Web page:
Hashtag Strategy: Stop #Using Random Hashtags. Don’t #be #a Joey.
When people use ineffective hashtags on Twitter, it reminds me of the “Friends” episode where Joey didn’t understand how to use air quotes. He used them on random words.
Hashtags should only be used if they will bring your content to a wider audience or if they are necessary to track a campaign where you need to demonstrate ROI or create a reliable report about buzz levels.
Avoid trying to create your own branded hashtag, they rarely catch on. If you’re trying to create a trend, which could be possible at a large event like #SXSW, then research the different terms and see which phrases or words are already being used a lot. For any event, be sure to include the event hashtag in every tweet so it reaches event attendees as well as those following the event remotely.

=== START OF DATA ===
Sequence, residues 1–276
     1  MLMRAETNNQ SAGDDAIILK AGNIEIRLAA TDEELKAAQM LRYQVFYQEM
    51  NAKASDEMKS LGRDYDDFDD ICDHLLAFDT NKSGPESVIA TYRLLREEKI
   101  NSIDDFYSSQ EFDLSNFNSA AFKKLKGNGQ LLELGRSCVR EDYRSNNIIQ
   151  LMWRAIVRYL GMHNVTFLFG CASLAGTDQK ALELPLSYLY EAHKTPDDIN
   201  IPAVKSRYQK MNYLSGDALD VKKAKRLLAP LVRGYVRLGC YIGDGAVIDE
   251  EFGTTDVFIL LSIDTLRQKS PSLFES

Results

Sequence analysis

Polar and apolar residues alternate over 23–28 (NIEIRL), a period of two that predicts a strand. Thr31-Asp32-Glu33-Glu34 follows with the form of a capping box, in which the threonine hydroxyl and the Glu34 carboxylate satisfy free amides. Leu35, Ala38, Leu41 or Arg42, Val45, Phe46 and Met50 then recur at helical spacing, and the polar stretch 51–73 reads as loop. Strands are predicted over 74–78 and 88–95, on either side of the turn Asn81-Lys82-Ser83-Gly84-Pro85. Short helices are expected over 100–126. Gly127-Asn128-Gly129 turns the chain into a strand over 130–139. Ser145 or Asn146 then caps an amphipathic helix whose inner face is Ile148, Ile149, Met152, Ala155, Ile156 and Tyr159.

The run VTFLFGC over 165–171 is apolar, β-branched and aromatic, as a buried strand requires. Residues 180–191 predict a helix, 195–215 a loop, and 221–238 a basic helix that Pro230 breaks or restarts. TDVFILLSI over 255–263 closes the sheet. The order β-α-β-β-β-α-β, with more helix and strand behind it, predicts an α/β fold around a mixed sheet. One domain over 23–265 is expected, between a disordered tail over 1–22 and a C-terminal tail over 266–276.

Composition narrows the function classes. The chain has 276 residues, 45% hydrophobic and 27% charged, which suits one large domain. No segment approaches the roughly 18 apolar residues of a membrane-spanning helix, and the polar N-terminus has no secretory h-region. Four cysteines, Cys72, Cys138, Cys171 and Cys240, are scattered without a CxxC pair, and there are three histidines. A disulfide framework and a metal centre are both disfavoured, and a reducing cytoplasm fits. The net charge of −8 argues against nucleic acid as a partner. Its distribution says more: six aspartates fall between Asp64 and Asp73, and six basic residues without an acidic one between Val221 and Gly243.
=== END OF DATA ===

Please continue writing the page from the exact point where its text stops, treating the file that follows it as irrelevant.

Research your potential hashtags, pick one and stick with it if you want it to “catch on.” Pick something that already has a following and if there are none, separate out the words, like #autonous vehicles rather than trying to create a new hashtag that no one is watching.
Here was some research I did in on hashtags.org in preparation for CES: